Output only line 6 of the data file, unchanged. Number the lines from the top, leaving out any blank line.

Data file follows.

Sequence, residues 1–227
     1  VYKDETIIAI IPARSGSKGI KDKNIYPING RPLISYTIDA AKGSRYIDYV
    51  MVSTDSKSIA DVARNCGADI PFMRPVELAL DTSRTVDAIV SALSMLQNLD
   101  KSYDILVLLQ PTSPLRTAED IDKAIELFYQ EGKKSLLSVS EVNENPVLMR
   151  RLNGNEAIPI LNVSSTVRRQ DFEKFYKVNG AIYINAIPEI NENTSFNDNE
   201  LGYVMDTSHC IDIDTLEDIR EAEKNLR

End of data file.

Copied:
   201  LGYVMDTSHC IDIDTLEDIR EAEKNLR